Space Goblins | Board Game

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datatime: 2022-10-03 10:52:29 Author:ghuHMwdm

"Her windows command the greenhouse. She saw us go in. I was obliged to tell her who you were."

"Somebody's counting on that. It's the easiest way to fool them. That or the police. Geiger can collect on these notes, unless you can show fraud. Instead of that he makes you a present of them and admits they are gambling debts, which gives you a defense, even if he had kept the notes. If he's a crook, he knows his onions, and if he's an honest man doing a little loan business on the side, he ought to have his money. Who was this Joe Brody you paid the five thousand dollars to?"

"I'll take him out," I said. "He'll think a bridge fell on him."

"I have that privilege."

"Some kind of gambler. I hardly recall. Norris would know. My butler."

"I have pride, sir," he said coldly.

I finished my second drink and wiped my lips and my face. The heat didn't get any less hot with the brandy in me. The General blinked at me and plucked at the edge of his rug.

"Your daughters have money in their own right, General?"

I stood up and lifted my coat off the back of the damp wicker chair and went off with it among the orchids, opened the two doors and stood outside in the brisk October air getting myself some oxygen. The chauffeur over by the garage had gone away. The butler came along the red path with smooth light steps and his back as straight as an ironing board. I shrugged into my coat and watched him come.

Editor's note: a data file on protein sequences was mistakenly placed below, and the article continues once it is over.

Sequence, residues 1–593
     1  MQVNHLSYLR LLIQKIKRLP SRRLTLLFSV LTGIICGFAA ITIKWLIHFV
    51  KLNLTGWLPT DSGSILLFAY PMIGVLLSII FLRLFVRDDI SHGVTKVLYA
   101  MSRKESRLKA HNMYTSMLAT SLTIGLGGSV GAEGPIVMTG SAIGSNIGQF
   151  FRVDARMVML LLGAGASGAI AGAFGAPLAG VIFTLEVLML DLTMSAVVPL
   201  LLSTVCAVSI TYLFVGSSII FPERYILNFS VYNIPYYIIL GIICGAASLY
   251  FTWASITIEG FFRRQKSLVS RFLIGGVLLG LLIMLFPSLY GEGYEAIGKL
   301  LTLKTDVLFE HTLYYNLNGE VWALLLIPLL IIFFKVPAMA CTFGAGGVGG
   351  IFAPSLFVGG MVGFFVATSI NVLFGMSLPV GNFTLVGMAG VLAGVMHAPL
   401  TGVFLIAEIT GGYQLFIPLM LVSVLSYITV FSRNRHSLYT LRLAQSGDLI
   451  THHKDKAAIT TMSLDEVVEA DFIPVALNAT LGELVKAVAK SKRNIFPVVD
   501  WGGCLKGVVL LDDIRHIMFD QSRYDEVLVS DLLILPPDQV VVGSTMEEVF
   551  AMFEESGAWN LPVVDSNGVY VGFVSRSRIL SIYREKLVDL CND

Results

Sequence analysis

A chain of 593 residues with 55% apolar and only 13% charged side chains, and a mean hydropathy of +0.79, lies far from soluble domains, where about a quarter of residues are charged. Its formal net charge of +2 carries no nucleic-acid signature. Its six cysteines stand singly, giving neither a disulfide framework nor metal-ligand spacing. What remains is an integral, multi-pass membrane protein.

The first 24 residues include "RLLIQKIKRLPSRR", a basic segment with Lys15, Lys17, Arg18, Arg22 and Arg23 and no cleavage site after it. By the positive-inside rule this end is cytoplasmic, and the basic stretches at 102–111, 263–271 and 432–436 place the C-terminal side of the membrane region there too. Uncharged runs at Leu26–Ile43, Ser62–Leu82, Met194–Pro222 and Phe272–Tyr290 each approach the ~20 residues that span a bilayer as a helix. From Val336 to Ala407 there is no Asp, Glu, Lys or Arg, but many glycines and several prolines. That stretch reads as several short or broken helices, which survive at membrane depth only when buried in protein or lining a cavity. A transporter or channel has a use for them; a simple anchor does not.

"Her windows command the greenhouse. She saw us go in. I was obliged to tell her who you were."

I stood up and lifted my coat off the back of the damp wicker chair and went off with it among the orchids, opened the two doors and stood outside in the brisk October air getting myself some oxygen. The chauffeur over by the garage had gone away. The butler came along the red path with smooth light steps and his back as straight as an ironing board. I shrugged into my coat and watched him come.

"I see." He shrugged his wide sharp shoulders in the faded red bathrobe. "A moment ago you said pay him. Now you say it won't get me anything."

"I have that privilege."

"Who told her anything about my visit?"

He looked puzzled, then he smiled. "Ah, I see, sir. You are, of course, a detective. By the way he rang his bell."

He stopped about two feet from me and said gravely: "Mrs. Regan would like to see you before you leave, sir. And in the matter of money the General has instructed me to give you a check for whatever seems desirable."

"I have pride, sir," he said coldly.

"I have pride, sir," he said coldly.

"I mean it might be cheaper and easier to stand for a certain amount of squeeze. That's all."

"I mean it might be cheaper and easier to stand for a certain amount of squeeze. That's all."

"You write his checks?"

"I have pride, sir," he said coldly.

"I mean it might be cheaper and easier to stand for a certain amount of squeeze. That's all."

"You write his checks?"

"Somebody's counting on that. It's the easiest way to fool them. That or the police. Geiger can collect on these notes, unless you can show fraud. Instead of that he makes you a present of them and admits they are gambling debts, which gives you a defense, even if he had kept the notes. If he's a crook, he knows his onions, and if he's an honest man doing a little loan business on the side, he ought to have his money. Who was this Joe Brody you paid the five thousand dollars to?"

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